The show consistently raised the issue of how an immersive illusion can convince average people over a period of time, especially when reinforced as part of a group of believers – especially when this includes men in white coats and other authority figures. Outsiders (in this case, the viewers) see the hoax as laughable, yet 'inside' the Cadets have been slowly lulled into (as Vaughan stated) "what is, in effect, an alternative universe." The actor Cadet on the 'mission' stated that it was easier to let himself believe the experience was genuine; trying to consciously remind himself of the hoax left him disorientated and "30% convinced, despite everything I know, that I am actually in space".

Parallels can be drawn to the supposed 'group experiment' element of Big Brother which Space Cadets draws on, and in wider terms propaganda, subliminal advertising, and the consensus nature of reality. See also: Asch conformity experiments, Milgram experiment and the Stanford prison experiment.

Several episodes of Mission: Impossible[which?] staged similar "false journeys," which attempted to convince gullible victims of some of the confidence games around which the methods of accomplishing the missions were centred that they were supposedly in transit when, in reality, they were actually not moving or going anywhere at all.

'Double hoax' theoryEdit

As the attention to detail in the hoaxed environment became clear, some viewers expressed suspicions – in particular on Channel 4's message board for the programme – that the entire show, including the apparent gullibility and abject ignorance of the Cadets, was in fact a double bluff; all the Cadets were actors and that the real target of "the biggest prank in television history" was the "gullible" viewing public. The theories were lent considerable credibility when Ryan McBride was sighted in a TV advert for blood donation,[3] although he later explained he was recruited as an extra on-location and was not a professional actor. Variations on this "conspiracy theory" included the actor Cadets being unaware of the hoax; that each Cadet believed themself to be the only actor; or that the actors/Cadets believed the viewers thought the space mission was genuine. One conspiracy theory even went as far as to suggest a real trip into space could be awarded to one of the unsuspecting actor Cadets, possibly using a company like Virgin Galactic or Space Adventures for the prize.[4] Once the programme reached its end these suspicions proved to be unfounded.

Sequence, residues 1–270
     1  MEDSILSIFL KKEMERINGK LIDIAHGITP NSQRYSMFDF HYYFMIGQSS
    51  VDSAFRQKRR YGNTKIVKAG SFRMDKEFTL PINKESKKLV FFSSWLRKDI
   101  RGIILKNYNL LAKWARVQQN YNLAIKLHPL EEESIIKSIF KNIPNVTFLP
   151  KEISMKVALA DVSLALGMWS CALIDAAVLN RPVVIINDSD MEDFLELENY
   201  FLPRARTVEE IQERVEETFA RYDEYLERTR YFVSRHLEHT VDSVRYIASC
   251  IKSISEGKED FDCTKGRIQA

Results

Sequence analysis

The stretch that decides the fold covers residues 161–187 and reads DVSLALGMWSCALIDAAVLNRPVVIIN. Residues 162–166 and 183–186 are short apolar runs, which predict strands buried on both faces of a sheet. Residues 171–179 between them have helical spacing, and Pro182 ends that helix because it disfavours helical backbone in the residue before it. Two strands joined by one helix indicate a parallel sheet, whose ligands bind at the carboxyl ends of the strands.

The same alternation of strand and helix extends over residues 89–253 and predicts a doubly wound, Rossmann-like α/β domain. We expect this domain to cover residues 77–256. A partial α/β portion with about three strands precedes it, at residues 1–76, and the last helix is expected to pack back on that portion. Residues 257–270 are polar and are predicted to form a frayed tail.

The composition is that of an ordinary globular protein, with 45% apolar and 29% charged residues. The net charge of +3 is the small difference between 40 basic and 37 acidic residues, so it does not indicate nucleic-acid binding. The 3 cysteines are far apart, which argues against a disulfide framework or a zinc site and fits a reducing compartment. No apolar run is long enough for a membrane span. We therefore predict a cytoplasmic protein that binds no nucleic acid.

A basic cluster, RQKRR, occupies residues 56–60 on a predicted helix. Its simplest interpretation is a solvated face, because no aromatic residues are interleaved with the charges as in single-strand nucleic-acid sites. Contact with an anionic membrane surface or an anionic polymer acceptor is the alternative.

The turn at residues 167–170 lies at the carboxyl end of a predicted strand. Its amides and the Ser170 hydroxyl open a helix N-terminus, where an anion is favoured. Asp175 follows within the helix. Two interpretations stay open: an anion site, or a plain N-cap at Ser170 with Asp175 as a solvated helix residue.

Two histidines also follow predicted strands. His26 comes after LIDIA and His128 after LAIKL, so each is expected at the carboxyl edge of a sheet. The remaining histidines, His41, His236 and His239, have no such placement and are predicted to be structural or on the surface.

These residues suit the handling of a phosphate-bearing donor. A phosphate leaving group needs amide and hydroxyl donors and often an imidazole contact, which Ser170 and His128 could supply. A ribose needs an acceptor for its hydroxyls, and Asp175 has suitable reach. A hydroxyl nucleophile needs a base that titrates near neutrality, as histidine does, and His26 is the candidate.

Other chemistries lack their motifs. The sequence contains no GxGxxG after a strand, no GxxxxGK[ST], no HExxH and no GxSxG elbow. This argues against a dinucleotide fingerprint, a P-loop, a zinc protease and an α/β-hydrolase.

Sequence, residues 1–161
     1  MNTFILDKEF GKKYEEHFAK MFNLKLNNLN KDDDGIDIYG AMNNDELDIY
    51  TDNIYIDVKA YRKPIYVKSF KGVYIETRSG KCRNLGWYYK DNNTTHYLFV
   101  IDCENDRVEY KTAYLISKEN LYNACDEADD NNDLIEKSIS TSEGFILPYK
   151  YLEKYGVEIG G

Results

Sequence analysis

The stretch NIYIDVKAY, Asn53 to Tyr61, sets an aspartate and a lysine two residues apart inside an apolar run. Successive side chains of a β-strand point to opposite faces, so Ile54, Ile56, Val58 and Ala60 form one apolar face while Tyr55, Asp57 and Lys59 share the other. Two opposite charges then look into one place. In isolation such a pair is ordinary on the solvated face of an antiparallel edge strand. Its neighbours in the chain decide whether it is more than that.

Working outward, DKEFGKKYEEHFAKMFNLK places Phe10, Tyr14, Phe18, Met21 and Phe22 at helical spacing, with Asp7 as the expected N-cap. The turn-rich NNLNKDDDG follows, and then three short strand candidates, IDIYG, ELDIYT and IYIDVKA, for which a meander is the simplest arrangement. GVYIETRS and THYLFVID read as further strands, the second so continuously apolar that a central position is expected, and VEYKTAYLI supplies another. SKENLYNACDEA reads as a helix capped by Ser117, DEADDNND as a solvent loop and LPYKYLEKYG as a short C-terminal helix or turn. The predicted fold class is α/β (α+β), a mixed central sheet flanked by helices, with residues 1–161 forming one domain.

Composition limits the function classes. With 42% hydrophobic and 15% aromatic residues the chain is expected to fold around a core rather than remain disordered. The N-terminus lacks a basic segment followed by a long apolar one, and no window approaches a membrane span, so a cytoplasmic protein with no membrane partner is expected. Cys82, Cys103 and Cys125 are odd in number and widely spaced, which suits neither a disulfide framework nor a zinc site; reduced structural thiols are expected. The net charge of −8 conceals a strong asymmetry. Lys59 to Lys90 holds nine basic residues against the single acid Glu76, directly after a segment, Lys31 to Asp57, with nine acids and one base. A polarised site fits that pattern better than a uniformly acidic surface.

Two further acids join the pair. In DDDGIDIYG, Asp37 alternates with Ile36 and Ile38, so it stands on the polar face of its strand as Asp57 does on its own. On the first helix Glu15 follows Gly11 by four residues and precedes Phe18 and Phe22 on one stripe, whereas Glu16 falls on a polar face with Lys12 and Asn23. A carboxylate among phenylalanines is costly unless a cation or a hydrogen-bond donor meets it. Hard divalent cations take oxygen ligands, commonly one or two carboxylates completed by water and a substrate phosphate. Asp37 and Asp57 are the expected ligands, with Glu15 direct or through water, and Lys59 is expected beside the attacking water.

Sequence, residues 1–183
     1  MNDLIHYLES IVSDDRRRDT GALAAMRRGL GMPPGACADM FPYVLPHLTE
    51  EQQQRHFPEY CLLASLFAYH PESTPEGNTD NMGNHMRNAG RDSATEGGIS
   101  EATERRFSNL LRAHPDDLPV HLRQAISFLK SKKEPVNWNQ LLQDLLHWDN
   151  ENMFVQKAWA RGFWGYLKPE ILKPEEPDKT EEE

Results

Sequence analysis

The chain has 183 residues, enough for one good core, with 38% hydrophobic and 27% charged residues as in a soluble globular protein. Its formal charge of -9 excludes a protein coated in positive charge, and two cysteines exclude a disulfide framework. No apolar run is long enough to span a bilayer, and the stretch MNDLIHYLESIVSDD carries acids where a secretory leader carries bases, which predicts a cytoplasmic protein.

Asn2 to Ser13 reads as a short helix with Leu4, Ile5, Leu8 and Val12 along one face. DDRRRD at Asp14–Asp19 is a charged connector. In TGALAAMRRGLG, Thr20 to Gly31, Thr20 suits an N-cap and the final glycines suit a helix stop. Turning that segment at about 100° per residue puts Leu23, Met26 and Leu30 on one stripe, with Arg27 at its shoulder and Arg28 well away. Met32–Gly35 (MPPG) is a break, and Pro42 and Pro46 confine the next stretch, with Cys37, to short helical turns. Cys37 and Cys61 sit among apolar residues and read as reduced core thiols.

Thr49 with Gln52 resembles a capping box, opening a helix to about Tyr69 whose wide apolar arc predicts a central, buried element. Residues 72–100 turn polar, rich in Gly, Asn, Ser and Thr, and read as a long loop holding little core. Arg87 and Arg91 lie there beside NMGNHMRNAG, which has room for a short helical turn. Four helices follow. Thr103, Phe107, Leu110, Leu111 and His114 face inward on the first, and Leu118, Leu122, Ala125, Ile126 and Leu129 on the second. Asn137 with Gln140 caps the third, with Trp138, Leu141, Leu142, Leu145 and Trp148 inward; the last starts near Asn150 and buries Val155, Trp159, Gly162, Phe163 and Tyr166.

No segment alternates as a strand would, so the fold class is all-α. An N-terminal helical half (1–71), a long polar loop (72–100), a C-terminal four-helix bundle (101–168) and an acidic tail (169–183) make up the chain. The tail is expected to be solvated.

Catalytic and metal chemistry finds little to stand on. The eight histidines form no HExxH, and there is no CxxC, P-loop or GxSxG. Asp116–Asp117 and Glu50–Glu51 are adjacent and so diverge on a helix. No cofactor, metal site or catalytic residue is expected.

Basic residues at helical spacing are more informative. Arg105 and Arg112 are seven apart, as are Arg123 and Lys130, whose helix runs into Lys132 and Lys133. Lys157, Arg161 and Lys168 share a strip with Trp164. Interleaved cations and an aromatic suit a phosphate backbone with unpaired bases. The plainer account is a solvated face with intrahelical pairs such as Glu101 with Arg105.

See alsoEdit


  1. ^ "the definition of space cadet".
  2. ^ Archived from the original on 17 December 2005. Retrieved 15 December 2005. Missing or empty |title= (help)
  3. ^
  4. ^ Archived from the original on 27 May 2007. Retrieved 10 December 2005. Missing or empty |title= (help)[unreliable source?]

External linksEdit